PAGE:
As recently as five years ago, the prospect of migrating critical systems like SAP to the Cloud seemed something of a fantasy. It just didn’t seem a viable option for CIOs to run their most critical systems on something that was perceived as immature, unstable, and insecure.
How times have changed
In a recent study commissioned by Lemongrass, Europe’s leading independent pollster Norstat surveyed 100 senior SAP users at EMEA enterprises split evenly among those that had yet to migrate SAP workloads to the Cloud and those who had already completed the move. The purpose was to understand whether the dream of the Cloud truly matched with the reality of being there.
The results make it clear that the pace of adoption is increasing. And fast. But does this create a further challenge? Is the current supply of knowledgeable consultants and systems integrators (SIs) able to keep up?
According to the Lemongrass study, exactly half (50%) of EMEA enterprises said they have a stated objective to migrate SAP workloads to the Cloud within the next 12 months. These organizations believe greater agility (80%), security (78%) and reducing cost (73%) will be the major benefits in doing so.
This is driven by a combination of factors, not least the 2027 support deadline announced by SAP and the need for organizations to become more data-driven, resilient, and responsive to changing demand.
Organizations themselves aren’t likely to have widespread, in-house skills to embark on such a project. While knowledge of business-critical applications such as SAP (and Cloud technologies in general) is on the up, migrations are such a large and infrequent occurrence that many people simply aren’t able to build up the necessary experience.
However, it is clear that Cloud technology and SAP application skills are expected to be of the highest level, as evidenced by the certification programs available through AWS, Google, Microsoft and SAP, with experienced and qualified personnel in high demand in the market due to the upsurge of Cloud migrations as a whole.
The survey revealed the extent to which in-house teams are familiar with the demands of an SAP migration project. Almost a third (31%) of senior SAP users polled said they have undertaken a Cloud migration project to increase their skills and knowledge and to gain experience. However, the migration phase is just one part, with the greater focus now needed on how people develop their knowledge, skills, and understanding about operating SAP applications in the Cloud. In some cases, at a granular level, it may mean an adaptation of an employee’s role.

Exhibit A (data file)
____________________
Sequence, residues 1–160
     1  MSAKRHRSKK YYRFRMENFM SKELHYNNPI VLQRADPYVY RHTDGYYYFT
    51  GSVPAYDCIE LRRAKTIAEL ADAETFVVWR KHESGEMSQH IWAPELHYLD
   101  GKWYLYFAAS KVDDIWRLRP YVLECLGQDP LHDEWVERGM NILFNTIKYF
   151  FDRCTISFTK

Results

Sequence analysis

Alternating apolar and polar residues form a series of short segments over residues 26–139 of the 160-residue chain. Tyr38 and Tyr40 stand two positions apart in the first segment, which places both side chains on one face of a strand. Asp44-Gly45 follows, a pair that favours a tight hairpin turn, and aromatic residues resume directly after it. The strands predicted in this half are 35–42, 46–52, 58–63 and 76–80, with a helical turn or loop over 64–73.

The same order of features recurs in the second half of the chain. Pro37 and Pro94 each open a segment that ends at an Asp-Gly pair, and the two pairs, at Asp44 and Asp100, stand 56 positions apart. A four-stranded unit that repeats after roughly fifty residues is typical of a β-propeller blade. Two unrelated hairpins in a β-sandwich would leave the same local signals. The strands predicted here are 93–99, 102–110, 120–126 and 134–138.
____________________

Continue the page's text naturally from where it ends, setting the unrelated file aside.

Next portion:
The Cloud requires an entirely new way of thinking, from security to financial planning and everything in between. There has previously been a tendency for organizations to simply ‘lift and shift’ to the Cloud, without full consideration as to the skills and process changes required not only to leverage benefits but to avoid pitfalls.
As an example, Cloud Financial Management is a core capability for the Operate phase of any Cloud deployment. Achieving infinite capacity to do things is liberating for most enterprises, but infinite capacity potentially comes at a high cost. Organizations need skilled professionals in Operations to be focused on this concern – but there is still a question of whether that person is an IT resource with additional finance skills or a Finance resource with an additional understanding of Cloud technologies? There are a wide range of considerations regarding new ways of working, but the operate phase will have the broadest and most significant impact and will drive the outcomes that define its success.
A Forrester report further highlighted the ‘tech talent panic’ that is expected until new sourcing models go mainstream. According to Forrester’s research, IT firms face the highest turnover across any industry, with an attrition rate in excess of 13%. The study also found it takes on average 66 days to fill each tech role, compared to 45 days for other roles.
Forrester argues that this will lead to demand outstripping supply, with an increase in wages hitting the bottom line of IT firms. The pressure will be ‘relieved’, the report says, by using cloud-first and platform-based architectures, requiring low code and no-code solutions to lessen the need for the most technical skills.
Are there enough SI consultants to go around?
We have seen the caution with which organizations treat their SAP migration projects. But with the right systems, processes and skills on hand, the Cloud is nothing short of a playground for innovation and continuous improvement. Yes, it is secure, compliant, fully certified and supported for SAP workloads, but it is the agility it affords the organization that really stands out.
It is very likely that the skills gap highlighted in both the Lemongrass and Forrester findings will lead to a greater reliance on SIs for the operations of these systems once migrated.
But are there enough of them? A study from Source Global Research, which provides research and analysis for the professional services industry, found one-in-five firms are turning down work due to being short-staffed – and retention has become a larger problem in 2021.
With businesses looking to take on major transformation projects, only accelerated by the pandemic, the right partner to achieve strategic aims is of crucial importance.